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    What's your point ? You've described Superman - able to deal with almost any threat - hence the "super". Deus ex machina is a little different because it's a very contrived solution to an unsolvable problem

    In the film Johnathan's death establishes that Superman has limits, particularly that he cannot bring back the dead, which is consistent with the comics , and is a powerful character point. This is totally undone by him later being able to turn back time and essentially resurrect Lois ( and opens a can of worms of moral conundrums ). I suggest that while Superman's superhuman powers require us to suspend disbelief, and not think too much, the turning back time requires us to not think at all.

    Because the story doesn't need him to ....is a non argument .

    I suspect the real reason was that the writers didn't think that through enough, and assumed audiences were dumb, or that they just couldn't fit it into the running time.
    And, If he's fast enough to turn back time, so faster than the speed of light, he's also more than fast enough to catch both missiles.

    There were a bunch of ways they could have let all of that play out without the ridiculous turning back time, but the writers were perhaps just too lazy - in the same way that they don't show him doing anything other than turning back time and then restarting it without dealing with the cause of the disasters ( like maybe stopping the missiles ? If he can travel back in time then he can literally be in two places at once, because his past self would still be there).
     
    #14 Batmannerism, Sep 11, 2020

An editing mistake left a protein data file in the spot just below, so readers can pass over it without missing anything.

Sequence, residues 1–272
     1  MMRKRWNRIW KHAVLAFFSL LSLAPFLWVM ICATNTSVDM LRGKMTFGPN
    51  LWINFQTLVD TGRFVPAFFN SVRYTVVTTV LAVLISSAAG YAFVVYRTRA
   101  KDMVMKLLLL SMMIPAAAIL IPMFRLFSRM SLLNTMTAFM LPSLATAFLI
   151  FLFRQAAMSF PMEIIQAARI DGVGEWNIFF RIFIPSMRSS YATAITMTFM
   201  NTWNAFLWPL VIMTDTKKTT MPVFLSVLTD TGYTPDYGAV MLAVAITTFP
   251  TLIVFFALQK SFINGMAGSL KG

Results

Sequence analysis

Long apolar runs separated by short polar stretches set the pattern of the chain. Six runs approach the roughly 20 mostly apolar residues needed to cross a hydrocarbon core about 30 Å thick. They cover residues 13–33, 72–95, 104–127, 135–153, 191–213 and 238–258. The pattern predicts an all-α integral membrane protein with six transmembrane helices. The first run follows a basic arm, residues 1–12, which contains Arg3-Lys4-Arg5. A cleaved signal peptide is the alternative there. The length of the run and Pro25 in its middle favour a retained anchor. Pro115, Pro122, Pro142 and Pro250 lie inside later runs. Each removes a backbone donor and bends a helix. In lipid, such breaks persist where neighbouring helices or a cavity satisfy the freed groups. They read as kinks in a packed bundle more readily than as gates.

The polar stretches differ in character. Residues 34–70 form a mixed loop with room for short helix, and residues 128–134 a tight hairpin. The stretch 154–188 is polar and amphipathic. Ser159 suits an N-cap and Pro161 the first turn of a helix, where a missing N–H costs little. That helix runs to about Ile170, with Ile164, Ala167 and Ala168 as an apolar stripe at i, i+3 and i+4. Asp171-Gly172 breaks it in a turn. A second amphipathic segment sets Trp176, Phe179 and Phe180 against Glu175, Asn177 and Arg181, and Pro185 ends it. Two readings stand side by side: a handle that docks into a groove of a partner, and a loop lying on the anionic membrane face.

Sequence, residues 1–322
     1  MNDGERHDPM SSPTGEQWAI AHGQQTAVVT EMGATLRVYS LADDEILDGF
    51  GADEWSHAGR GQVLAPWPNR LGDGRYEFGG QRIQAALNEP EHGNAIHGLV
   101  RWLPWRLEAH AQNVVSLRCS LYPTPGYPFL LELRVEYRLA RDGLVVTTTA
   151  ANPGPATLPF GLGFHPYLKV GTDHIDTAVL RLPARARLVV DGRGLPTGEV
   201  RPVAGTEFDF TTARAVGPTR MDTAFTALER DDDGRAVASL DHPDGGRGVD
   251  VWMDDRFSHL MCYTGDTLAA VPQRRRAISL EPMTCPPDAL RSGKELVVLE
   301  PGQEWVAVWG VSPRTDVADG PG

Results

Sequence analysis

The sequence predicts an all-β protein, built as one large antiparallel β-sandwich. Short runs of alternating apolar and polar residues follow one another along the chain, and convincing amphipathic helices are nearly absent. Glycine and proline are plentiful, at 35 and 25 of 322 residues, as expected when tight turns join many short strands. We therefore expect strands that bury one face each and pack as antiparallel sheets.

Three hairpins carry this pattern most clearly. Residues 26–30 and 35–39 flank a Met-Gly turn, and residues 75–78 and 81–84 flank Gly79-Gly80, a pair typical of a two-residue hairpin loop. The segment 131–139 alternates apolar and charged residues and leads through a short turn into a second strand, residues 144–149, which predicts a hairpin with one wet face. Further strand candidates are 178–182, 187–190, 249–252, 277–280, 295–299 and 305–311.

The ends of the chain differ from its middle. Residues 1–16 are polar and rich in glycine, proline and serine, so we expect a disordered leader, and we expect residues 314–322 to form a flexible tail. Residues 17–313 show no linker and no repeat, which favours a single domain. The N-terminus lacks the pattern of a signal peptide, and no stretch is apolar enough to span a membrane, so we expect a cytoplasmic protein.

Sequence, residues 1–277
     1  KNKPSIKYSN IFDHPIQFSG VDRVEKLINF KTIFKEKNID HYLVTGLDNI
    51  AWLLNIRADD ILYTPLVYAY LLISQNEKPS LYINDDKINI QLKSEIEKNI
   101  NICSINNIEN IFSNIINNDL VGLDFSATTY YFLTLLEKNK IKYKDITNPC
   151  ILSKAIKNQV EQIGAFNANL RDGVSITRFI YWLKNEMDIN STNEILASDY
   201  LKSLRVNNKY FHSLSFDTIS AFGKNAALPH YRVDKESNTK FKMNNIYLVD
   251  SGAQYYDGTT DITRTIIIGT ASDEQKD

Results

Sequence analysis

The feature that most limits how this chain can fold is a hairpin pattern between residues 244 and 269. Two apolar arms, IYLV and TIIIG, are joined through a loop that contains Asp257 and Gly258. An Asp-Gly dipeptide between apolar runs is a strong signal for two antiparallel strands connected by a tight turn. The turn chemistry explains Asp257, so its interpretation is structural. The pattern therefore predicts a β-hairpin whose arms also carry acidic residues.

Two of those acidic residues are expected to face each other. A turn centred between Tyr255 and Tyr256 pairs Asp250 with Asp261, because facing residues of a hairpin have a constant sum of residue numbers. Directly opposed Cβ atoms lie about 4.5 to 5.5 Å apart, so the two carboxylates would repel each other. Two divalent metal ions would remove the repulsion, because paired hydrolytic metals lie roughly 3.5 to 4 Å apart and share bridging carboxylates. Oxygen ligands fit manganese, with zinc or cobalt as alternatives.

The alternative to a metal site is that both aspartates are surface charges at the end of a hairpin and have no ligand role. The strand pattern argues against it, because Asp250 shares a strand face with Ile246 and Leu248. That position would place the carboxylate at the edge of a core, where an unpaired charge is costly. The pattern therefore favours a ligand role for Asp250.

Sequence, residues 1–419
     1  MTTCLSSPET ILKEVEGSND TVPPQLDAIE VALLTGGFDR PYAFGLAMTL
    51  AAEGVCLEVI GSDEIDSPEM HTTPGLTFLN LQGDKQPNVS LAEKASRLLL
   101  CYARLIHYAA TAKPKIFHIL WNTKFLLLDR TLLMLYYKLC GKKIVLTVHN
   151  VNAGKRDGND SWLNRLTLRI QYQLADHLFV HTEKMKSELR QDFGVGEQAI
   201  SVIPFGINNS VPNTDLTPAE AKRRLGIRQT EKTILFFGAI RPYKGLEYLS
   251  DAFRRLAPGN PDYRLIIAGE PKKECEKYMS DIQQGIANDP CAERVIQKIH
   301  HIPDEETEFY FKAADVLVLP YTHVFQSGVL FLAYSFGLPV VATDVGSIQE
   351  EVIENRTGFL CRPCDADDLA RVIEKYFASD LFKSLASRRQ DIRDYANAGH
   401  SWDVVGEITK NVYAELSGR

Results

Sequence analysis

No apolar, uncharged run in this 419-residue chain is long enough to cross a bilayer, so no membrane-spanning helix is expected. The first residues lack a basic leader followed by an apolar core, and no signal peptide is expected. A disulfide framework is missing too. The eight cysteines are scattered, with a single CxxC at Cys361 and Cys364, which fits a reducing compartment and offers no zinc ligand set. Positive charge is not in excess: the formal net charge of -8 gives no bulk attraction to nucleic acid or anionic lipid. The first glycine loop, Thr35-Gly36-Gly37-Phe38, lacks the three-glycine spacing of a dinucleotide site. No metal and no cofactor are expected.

Last edited: Sep 11, 2020
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  15. Dark Raven The Gal from Themyscira

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    I don't think he went back in time. He spun the earth on its axis back in the opposite direction so that he reversed time. It's not like those events were supposed to have happened in the future and he simply went back into the past. I think he remained in the present, but it was like hitting rewind on a VCR, or like looking at a globe and moving it in one direction, and then moving it in the opposite direction.

    That is particularly evident because you see all the events being undone and going in reverse, not that he simply flew to an earlier point in time and intercepted events there.

    When you rewind a video, you aren't reliving or occupying those same moments again and having a do-over. You're continuing where you are from the present but simply reviewing/ rewatching the earlier events and then doing something different from there.
     
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  16. Gothamsknight Registered

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    Absolutely.
     
  17. The Batman The Dark Knight

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    The point is, and like I already said, Superman is a walking deus ex machina to begin with. Complaining about one of his ridiculous powers and not the others is silly to me.


    He didn't resurrect Lois. He prevented her death. My only problem with this is that there were no consequences for Superman's decision.

    Again, this is silly to me. Shooting lasers from your eyes and having frost breath doesn't require you not to think at all? Ok.